2. Option 2B – a test based on an objective assessment of the agreement or transaction which caused loss or damage to employees due to the avoidance of the payment. This option, the Government states, may include consideration of factors such as:
  • the benefit or detriment to the company in entering into the agreement or transaction;
  • the respective benefit or detriment to other parties; and
  • whether the agreement or transaction was commercially reasonable.6

Option 3: Expand the parties who may initiate civil action

Pursuant to section 596AC(2) a liquidator of the company (and former employees pursuant to section 596AC(3)) can bring a civil action against persons involved in a contravention of section 596AB. In such circumstances an amount equal to the loss or damage is recoverable as a debt due to the company.

The Government has suggested a wider range of parties who may apply under section 596AC to lead to “enhanced recovery”,7 where the liquidator does not intend to bring an action, these include:

  • the Department of Employment;
  • the Fair Work Ombudsman; and
  • the Australian Taxation Office.

Option 4: Addressing other issues with the current Part 5.8A drafting

The final option tabled by the Government addresses other issues with Part 5.8A, including the “lack of clarity”8 relating to the scenarios and circumstances in which Part 5.8A is intended to operate, where and who it applies to, and the deterrent impact that an amended section 596AB may have as a criminal offence.

The Government’s Consultation Paper does not outline specifics but suggests the following possible changes:

  • extend the matters to which Part 5.8A applies to capture a “wide range of potential behaviours which can lead to the avoidance of employee entitlements”;9
  • ensure the definitions of ‘relevant agreements’ and ‘arrangements’ are broadly defined in section 9 of the Act to include informal arrangements and understandings; and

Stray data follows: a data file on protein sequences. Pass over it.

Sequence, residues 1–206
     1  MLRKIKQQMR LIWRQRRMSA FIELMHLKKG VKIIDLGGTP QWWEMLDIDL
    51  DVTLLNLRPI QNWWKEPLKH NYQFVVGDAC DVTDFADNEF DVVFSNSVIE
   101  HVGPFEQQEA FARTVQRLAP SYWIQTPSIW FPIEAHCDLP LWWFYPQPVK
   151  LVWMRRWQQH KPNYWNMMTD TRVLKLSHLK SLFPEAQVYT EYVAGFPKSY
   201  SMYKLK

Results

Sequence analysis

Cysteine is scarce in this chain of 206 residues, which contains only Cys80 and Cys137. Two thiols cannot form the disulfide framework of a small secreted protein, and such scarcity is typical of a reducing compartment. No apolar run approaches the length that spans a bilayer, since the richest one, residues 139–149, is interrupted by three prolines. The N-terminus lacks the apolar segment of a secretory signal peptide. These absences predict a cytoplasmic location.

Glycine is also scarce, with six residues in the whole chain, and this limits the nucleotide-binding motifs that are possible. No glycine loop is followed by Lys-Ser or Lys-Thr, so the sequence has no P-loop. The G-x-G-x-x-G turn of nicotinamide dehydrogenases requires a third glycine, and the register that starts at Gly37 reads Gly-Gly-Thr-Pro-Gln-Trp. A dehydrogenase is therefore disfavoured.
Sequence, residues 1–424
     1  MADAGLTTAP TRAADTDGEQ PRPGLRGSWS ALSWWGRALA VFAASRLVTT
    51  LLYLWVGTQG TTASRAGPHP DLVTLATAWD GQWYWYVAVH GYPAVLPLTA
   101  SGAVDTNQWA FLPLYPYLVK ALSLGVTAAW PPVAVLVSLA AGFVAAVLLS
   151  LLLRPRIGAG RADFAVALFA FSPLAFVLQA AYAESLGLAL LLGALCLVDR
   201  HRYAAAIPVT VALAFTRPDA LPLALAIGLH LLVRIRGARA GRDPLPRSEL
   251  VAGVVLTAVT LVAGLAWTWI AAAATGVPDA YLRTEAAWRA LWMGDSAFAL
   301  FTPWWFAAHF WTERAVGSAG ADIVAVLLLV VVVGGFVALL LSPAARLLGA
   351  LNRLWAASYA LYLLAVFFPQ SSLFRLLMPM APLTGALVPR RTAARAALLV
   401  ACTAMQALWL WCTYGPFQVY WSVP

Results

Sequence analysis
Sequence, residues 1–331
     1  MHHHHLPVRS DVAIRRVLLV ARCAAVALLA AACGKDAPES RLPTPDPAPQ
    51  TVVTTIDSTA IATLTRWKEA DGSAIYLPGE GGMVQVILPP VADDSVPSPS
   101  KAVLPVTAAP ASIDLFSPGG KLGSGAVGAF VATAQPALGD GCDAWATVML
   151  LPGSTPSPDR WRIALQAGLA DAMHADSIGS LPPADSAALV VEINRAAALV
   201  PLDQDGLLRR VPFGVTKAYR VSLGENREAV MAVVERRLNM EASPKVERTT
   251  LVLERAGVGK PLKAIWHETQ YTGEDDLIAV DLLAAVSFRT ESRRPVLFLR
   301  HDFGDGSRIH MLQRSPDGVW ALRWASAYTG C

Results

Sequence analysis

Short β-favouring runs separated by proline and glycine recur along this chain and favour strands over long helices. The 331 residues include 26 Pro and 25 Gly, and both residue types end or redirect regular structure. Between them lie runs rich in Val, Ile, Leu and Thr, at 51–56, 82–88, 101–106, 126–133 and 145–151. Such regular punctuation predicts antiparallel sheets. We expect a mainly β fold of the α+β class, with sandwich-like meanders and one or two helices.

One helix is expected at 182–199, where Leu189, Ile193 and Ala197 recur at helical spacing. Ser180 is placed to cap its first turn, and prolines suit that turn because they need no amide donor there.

• adopt a wide and comprehensive definition to the matters to which Part 5.8A applies, which could be similar to the definition of ‘scheme’ in section 177A of the Income Tax Assessment Act 1936 (Cth) (i.e. applies to agreements and understandings, as well as promises, plans, proposals, actions, undertakings and courses of conduct).

Conclusion

The Federal Government has recognised that certain corporate practices are leading to more reliance on FEG to account for unpaid employee entitlements. It is also clear that many of these practices are associated with phoenix behaviour. The Government is also looking to address this through ASIC’s proposed anti-phoenixing measures. However, it remains to be seen, which (if any) of the proposals outlined will indeed achieve the stated purpose of the reforms. The current Part 5.8A already provides the means for prosecution and allows for civil recovery (which, it could be argued, should be used more regularly as a means of pursuing directors who are engineering such practices).

Of broader importance is arguably not the success rate of Part 5.8A claims (one suspects that not many cases are in fact ever commenced) but rather the appetite and ability of liquidators to pursue such claims. Critical to this is the funding of Part 5.8A claims. Accordingly, an increased willingness on the part of FEG (and others) to fund liquidators to pursue directors and companies engaged in conduct which is likely to impact upon the recovery of employee entitlements, may be just as significant as the proposed reforms in achieving the desired outcomes.

We will provide a further update once the Government’s draft legislation has been released.